The state's fire catalog, Alaska Interagency Coordination Center, updates fire news regularly during the active season, but has not posted an update since July 16 -- A tell-tale sign of a slow summer.
According to the News-Miner, the 2012 "fire season will go down as the second-smallest of the past dozen years." As of August, an estimated 200,000 acres have burned, with no new burns in over a month. In contrast, the average burn during the 2000s "was nearly 2 million acres per year, including a record 6.6 million acres burned in 2004."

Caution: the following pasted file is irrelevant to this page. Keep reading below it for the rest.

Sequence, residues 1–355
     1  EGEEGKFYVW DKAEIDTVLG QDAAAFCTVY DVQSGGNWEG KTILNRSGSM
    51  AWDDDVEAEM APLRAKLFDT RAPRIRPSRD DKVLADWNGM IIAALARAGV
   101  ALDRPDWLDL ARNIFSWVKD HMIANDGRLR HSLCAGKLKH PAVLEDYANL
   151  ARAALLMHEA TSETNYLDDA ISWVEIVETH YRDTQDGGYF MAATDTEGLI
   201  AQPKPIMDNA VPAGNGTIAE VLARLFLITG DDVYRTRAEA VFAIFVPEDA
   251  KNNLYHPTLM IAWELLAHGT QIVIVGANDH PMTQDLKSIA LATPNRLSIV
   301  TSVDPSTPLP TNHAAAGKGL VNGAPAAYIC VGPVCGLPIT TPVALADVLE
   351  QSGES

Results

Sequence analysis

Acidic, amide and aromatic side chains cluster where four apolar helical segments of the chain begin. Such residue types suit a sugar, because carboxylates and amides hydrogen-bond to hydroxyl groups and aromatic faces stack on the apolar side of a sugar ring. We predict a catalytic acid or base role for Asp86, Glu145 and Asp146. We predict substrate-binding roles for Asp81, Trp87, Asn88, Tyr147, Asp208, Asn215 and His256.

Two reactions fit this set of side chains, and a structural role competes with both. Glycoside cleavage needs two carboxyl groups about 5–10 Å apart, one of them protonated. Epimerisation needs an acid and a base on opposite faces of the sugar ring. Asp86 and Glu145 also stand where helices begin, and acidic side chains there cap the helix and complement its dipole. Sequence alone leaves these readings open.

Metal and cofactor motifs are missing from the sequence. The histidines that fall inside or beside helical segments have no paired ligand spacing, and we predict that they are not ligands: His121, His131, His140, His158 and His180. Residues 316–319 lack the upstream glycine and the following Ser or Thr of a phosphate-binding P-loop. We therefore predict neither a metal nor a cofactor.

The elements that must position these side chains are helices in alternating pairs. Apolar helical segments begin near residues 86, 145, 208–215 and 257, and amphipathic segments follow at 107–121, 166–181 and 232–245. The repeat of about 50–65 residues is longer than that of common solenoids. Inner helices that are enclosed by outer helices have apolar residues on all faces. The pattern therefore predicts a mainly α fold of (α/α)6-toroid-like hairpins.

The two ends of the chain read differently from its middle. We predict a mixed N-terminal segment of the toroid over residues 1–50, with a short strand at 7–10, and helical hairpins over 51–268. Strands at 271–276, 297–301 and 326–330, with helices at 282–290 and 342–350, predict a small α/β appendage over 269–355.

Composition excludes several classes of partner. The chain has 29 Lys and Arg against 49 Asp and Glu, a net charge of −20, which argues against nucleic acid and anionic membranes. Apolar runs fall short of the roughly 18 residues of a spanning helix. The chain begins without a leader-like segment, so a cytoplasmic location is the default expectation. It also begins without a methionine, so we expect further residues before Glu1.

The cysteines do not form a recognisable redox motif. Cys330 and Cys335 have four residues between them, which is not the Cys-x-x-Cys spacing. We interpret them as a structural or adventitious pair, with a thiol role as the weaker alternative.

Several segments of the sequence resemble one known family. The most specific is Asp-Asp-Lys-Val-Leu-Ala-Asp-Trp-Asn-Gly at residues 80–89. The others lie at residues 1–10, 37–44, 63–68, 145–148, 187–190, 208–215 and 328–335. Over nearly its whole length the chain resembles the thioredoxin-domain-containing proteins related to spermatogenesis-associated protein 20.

The mild fire season is largely due to the cool, damp summer experienced in most of the state, including the fire-prone Interior. According to meteorologist Rick Thoman, July's cool temperatures, coming smack in the middle of the active wildfire season, really kept flames from growing and spreading.